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Checking Your Charter Receipts

Clients are entitled to see all receipts, and to have their broker reconcile all accounts with the yacht

I had an interesting discussion at lunch here at the Antigua charter yacht show about end-of-charter receipts–and what charter guests are entitled to.

It seems there have been some instances in which yacht captains are overcharging charter guests for things like food, fuel, and other items that the guests ask to have onboard. This is not a rampant problem, by any means, but a reputable charter broker brought it up at lunch, and other brokers nodded along with the story, which makes me believe it’s happened at least a few times.

As it turns out, the conversation turned to the fact that all receipts are due to the charter client–you–at the end of your time onboard. You can either go through them yourself, or, if you’re working with a reputable charter broker, ask him or her to go through them for you to ensure that you have not been overcharged.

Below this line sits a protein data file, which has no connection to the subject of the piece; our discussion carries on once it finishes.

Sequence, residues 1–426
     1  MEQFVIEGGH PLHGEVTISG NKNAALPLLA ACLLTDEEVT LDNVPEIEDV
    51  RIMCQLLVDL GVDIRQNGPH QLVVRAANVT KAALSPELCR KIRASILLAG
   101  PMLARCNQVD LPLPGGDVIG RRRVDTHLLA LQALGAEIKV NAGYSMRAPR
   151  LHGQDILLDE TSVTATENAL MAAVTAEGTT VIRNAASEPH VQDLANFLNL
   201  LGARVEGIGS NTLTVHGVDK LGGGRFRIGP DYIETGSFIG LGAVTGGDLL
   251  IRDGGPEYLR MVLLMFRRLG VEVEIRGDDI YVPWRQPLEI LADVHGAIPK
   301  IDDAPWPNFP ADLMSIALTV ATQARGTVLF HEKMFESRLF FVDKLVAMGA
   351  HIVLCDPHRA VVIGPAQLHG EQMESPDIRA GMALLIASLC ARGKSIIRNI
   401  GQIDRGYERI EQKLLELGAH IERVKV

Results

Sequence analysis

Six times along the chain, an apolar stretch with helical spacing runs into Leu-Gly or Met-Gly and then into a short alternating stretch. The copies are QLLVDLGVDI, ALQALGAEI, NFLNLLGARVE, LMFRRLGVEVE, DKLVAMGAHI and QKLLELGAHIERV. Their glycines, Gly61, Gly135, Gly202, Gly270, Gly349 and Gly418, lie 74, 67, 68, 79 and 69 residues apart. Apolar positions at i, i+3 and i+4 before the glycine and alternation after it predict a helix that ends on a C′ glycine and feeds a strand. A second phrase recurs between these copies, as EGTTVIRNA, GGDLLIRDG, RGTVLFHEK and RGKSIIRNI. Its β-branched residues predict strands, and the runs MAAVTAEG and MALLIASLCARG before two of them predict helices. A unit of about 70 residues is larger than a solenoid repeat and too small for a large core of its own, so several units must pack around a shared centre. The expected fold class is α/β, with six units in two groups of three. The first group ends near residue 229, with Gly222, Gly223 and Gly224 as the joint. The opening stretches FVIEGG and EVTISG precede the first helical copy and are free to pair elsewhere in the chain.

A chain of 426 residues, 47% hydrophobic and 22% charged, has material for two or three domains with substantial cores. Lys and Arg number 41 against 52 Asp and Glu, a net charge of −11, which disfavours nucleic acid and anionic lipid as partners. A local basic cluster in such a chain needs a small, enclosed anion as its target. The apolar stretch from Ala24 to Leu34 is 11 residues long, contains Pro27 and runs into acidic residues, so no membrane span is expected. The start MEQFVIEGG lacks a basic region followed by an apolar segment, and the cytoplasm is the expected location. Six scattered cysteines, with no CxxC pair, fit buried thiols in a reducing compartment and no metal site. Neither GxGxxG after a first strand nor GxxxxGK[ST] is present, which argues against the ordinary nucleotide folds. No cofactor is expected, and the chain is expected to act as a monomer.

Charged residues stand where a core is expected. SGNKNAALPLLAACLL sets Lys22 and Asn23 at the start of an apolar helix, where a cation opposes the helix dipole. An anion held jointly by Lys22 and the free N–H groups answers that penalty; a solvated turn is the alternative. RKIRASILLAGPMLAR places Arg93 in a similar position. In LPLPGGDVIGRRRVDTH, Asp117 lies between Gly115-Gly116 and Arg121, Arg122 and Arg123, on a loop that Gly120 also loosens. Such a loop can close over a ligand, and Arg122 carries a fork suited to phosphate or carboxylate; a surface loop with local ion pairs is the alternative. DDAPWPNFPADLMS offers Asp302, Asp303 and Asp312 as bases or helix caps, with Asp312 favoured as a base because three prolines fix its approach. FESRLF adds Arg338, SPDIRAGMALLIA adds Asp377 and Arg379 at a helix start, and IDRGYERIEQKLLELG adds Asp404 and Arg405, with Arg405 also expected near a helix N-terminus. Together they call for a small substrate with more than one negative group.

I think the latter is ideal, especially because many charter brokers started out their careers working on boats themselves (and thus know where overcharges are most likely to turn up). On charters that cost upwards of $25,000 per week, brokers told me, you can sometimes find several thousand dollars worth of overcharges that can, and should, go back to the charter guest’s bank account.

Like I said, this does not appear to be a rampant problem, but it’s worth noting at an economic time when most people are counting every penny. Better to follow the advice of former U.S. President Ronald Reagan: Trust, but verify.

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